On plain films, fibrous dysplasia is an intramedullary, expansile, and well-defined lesion in the diaphysis or metaphysis. The lesions can vary from completely radiolucent to completely sclerotic; however, most lesions have a characteristic hazy ground-glass appearance (see the following images). [3] The degree of haziness shown radiographically by a given lesion correlates directly with its underlying histopathology. More radiolucent lesions are composed of predominantly fibrous elements, whereas more radiopaque lesions contain a greater proportion of woven bone.

Plain film shows a lytic lesion of the femoral nec Plain film shows a lytic lesion of the femoral neck with surrounding sclerosis and a hazy or "ground glass" appearance.
Plain film of a larger lesion of the femoral neck Plain film of a larger lesion of the femoral neck than in the previous image demonstrates the physical distortion that can accompany fibrous dysplasia.

Endosteal scalloping of the overlying cortex may also be seen. [6] In addition, the lesion may be surrounded by a layer of thick, sclerotic reactive bone termed a "rind." Repeated fractures through lesions in the proximal femur can result in a varus angulation called a "shepherd's crook deformity."

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Scintigraphy, CT Scanning, and MRI

At the patient's initial presentation, scintigraphy may be used to demonstrate the extent of disease. Active fibrous dysplasia lesions in younger patients have greatly increased isotope uptake; the uptake becomes less intense as the lesions mature.

The extent of the lesion is best demonstrated on computed tomography (CT) scans. This imaging modality is helpful in distinguishing fibrous dysplasia from other lesions in the differential diagnosis.

Magnetic resonance imaging (MRI) is a sensitive means of establishing the lesion's shape and content. [7] Because fibrous dysplasia is composed mainly of fibrous tissue and bone, T1-weighted images have a low-intensity signal. [6] T2-weighted images have a higher intensity signal that is not as bright as the signal of malignant tissue, fat, or fluid.

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Clinical Management

Incidentally discovered, asymptomatic, radiographically characteristic fibrous dysplasia lesions do not require further assessment and require only clinical observation. [8] Follow-up radiographs every 6 months to look for progression has been recommended. In newly identified cases, a bone scan is needed to exclude a diagnosis of polyostotic disease. When polyostotic disease is found, referral to an endocrinologist for early detection of possible systemic abnormalities is warranted.

Bisphosphonates, primarily intravenous pamidronate, have been utilized to decrease bone pain in symptomatic patients with polyostotic disease. [8]

Open biopsy may be indicated to confirm the diagnosis of fibrous dysplasia when there is a nonclassic presentation. Surgical procedures are required for correction of deformities, prevention of pathologic fractures, or eradication of symptomatic lesions. [9]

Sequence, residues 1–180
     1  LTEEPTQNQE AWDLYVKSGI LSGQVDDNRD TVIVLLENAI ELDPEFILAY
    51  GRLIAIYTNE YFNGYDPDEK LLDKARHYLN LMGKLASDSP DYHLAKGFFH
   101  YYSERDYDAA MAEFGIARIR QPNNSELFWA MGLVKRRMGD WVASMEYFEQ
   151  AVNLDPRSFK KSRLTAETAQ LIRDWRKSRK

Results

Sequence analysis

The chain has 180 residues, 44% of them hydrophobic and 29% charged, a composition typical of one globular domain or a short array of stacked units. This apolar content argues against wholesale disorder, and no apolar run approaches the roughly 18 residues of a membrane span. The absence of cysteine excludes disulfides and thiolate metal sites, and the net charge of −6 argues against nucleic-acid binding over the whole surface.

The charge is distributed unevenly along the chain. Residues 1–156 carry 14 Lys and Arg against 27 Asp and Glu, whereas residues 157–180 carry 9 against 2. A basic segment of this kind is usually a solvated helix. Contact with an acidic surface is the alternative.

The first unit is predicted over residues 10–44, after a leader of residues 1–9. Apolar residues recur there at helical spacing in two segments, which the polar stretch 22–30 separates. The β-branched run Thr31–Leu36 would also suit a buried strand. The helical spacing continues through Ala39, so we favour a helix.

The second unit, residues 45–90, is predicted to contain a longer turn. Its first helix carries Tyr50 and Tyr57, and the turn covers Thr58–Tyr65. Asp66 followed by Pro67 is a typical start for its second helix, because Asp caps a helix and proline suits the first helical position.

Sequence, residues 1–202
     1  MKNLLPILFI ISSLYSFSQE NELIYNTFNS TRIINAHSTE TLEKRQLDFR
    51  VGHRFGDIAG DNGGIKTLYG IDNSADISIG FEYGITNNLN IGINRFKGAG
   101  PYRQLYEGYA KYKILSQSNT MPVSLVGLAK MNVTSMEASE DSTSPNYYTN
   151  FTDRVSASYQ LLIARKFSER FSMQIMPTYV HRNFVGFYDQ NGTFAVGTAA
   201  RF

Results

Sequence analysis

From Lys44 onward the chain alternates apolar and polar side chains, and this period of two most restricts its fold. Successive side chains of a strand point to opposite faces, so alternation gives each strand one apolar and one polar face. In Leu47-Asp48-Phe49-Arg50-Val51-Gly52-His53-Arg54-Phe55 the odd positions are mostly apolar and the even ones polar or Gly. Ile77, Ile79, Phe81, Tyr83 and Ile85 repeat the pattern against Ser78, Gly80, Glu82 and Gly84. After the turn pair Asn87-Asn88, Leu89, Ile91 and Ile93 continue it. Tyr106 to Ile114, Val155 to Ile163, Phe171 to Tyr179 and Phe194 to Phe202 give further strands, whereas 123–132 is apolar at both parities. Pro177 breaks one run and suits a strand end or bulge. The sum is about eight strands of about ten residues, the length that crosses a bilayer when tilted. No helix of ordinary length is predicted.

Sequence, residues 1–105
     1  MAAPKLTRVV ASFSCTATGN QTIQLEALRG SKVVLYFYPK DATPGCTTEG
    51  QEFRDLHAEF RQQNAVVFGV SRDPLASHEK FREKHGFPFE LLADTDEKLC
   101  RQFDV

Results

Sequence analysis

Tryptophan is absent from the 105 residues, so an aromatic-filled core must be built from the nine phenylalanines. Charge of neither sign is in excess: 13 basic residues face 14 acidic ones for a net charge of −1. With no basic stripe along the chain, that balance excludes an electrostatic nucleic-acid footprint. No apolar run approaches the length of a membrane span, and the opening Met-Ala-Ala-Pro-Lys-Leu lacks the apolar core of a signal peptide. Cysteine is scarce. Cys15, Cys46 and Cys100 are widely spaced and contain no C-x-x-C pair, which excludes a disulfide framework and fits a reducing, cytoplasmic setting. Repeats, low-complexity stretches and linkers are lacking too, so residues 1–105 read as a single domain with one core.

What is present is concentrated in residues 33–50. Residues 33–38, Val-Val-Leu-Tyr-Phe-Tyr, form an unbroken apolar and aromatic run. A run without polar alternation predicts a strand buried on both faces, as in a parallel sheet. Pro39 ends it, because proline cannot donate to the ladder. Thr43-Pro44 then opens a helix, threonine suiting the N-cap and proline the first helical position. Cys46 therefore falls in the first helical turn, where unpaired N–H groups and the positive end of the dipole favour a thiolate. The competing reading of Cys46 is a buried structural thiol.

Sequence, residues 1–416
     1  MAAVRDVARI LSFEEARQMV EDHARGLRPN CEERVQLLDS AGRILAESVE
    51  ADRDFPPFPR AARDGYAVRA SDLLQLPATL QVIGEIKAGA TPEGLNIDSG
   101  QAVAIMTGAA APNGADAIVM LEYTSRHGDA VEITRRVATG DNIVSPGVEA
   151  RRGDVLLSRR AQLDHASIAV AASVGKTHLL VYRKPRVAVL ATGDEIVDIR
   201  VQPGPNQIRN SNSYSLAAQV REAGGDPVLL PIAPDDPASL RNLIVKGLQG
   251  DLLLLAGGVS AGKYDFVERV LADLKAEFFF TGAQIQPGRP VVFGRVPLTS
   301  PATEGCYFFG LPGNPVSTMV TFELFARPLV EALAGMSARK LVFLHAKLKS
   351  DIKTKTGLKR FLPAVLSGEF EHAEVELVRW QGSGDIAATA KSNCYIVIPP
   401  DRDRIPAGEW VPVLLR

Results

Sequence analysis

Treatment of malignant transformation is based on the subtype of sarcoma, but the prognosis tends to be worse for patients with malignant transformation than it is for those with a similar primary sarcoma not associated with fibrous dysplasia.


Gross and Microscopic Features

The macroscopic appearance of fibrous dysplasia is that of a centrally located, tan to gray white, gritty-feeling lesion (see the image below). Areas of cyst formation or hemorrhage may be identified. The lesion can be easily peeled away from the encircling shell of reactive bone by blunt dissection. Occasionally, small islands of cartilage that undergo calcification and enchondral ossification may be observed in the lesional tissue. This phenomenon is most frequently encountered in the proximal femur and is sometimes referred to as fibrocartilaginous dysplasia.

Clinical photograph shows the distinctive pigmenta Clinical photograph shows the distinctive pigmentation in patients with endocrine abnormalities associated with fibrous dysplasia.

Histologically, fibrous dysplasia is composed of fibrous tissue with randomly oriented bony trabeculae that are thought to be formed by osseous metaplasia of the fibrous stroma (see the following image). [6]

Photomicrograph of fibrous dysplasia demonstrates Photomicrograph of fibrous dysplasia demonstrates irregularly shaped islands of woven bone with a bland mononuclear background stroma.

The fibrous stroma is usually of low cellularity and contains variable amounts of myxoid material to dense collagenous matrix (see the first image below). [10, 11] The fibroblasts usually have plump, ovoid nuclei, although elongated, narrow nuclei may also be seen. A storiform pattern of the fibroblasts may also be identified (see the second and third images below). [12]